FIRB becomes a new defence in hostile takeovers

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John Kehoe

The federal government’s tighter screening of foreign investment is being used by takeover targets as a regulatory shield to defend against hostile acquisitions and is deterring activist investors.

One recent example was the under-siege Cromwell Property Group filing concerns with the Foreign Investment Review Board about Singapore’s ARA Asset Management and the wealthy Tang family increasing their stakes in the Brisbane-based property fund manager, market sources said.

Trying to stop ARA from appointing board directors, Cromwell took the unusual step of proactively contacting the FIRB several times to claim that the Tang family had close connections with China and reminded the regulator that ARA needed renewed FIRB approval.

It also privately argued that ARA and the Tangs could be a national security consideration for the FIRB, because Cromwell was the landlord of sensitive buildings in Canberra leased to federal government agencies, including Defence, the Bureau of Meteorology, the Therapeutic Goods Administration and the Department of Social Services.

Ultimately the FIRB did not block ARA from increasing its stake by 3 per cent to more than 27 per cent and the Tang Group from raising its shareholding by 3 per cent to 16.6 per cent, which enabled the major shareholders to appoint Gary Weiss and Joe Gersh to the Cromwell board.

Under temporary COVID-19 changes introduced by Treasurer Josh Frydenberg in March, all mergers and acquisitions, equity capital raisings and commercial property leases beyond five years with a foreign investor require approval from the FIRB and the Treasurer.

Previously, the general threshold for FIRB scrutiny was $275 million, or $1.2 billion for free-trade agreement partner countries in non-sensitive businesses.

FIRB’s processing deadline for deals has blown out from 30 days to up to six months.

King & Wood Malleson’s local head of public mergers & acquisitions, David Friedlander, said that in a hostile deal, a target would always look to regulatory approvals to create leverage or a complete defence.

Above the thresholds

“The reduction in FIRB dollar thresholds does not impact offshore bidders significantly because most offshore deals were already above the thresholds,” he said.

“The impact lies in the ability to build a pre-bid stake and in the time periods that have blown out.

“In a bid that is demonstrably accretive, the market won’t let a board block based on FIRB issues. But the time period changes do give a board leverage.”

More broadly, merger and acquisition advisers say the crackdown and screening delays are deterring some hostile takeover offers in Australia, particularly from private equity funds, which usually require full access to a company’s books to conduct due diligence.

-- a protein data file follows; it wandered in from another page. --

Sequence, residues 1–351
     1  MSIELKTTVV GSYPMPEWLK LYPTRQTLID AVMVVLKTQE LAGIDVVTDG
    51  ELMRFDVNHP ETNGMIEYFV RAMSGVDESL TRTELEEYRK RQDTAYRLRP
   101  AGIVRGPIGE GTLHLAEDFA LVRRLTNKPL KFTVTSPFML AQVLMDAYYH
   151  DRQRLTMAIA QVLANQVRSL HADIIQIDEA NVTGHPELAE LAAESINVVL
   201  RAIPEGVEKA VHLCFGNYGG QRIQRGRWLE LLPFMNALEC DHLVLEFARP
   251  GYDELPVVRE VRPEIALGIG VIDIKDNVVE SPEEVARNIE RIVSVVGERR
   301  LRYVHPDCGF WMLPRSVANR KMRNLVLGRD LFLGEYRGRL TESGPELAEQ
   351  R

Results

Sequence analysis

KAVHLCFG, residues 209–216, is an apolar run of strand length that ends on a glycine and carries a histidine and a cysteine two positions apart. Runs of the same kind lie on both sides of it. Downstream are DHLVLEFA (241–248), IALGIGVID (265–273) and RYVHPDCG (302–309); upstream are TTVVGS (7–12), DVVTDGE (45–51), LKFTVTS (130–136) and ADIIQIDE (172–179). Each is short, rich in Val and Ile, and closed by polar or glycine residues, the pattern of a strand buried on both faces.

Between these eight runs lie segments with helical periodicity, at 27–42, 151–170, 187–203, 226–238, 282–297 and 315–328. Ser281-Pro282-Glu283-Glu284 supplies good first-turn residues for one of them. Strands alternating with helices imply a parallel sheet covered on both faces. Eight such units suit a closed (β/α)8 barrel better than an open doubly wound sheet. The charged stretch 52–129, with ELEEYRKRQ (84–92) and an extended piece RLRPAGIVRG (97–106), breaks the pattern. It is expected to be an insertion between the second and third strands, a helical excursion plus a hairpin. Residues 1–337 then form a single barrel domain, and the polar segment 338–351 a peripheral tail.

The new FIRB requirements and delays were also making it more challenging for activist investors and existing shareholders seeking to increase their stakes and push for change, corporate advisers said.

“This current environment has had a big impact on major shareholders seeking to increase their stake where they require FIRB approval, as this impedes their ability to move quickly,” a dealmaker said.

Before the COVID-19-related FIRB changes, an offshore private investor that was not a foreign government could generally acquire up to 20 per cent of a company without FIRB approval.

Over the years, boards defending hostile takeovers have occasionally tried to use regulatory hurdles, including the Australian Competition and Consumer Commission, such as when Queensland Gas Company was defending a bid from Santos.

A corporate M&A adviser said takeover targets generally did not have much say in the FIRB process.

“I expect that in the current politicised environment, a target could have some influence if it wanted to, particularly if it operated in a sensitive market.

“But inviting the regulator into a defence is a double-edged sword, because once they are in, it is hard to get them out again … and what happens if what started out as a hostile deal ends up as a regulated deal because the price was increased?”

In August, China Mengniu Dairy Co walked away from its proposed $600 million acquisition of Lion Dairy & Drinks after Mr Frydenberg told the China-backed bidder the foreign investment would be “contrary to the national interest”.

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John Kehoe writes on economics, politics and business from the Canberra press gallery. He is a former Washington correspondent. Connect with John on Twitter. Email John at jkehoe@afr.com

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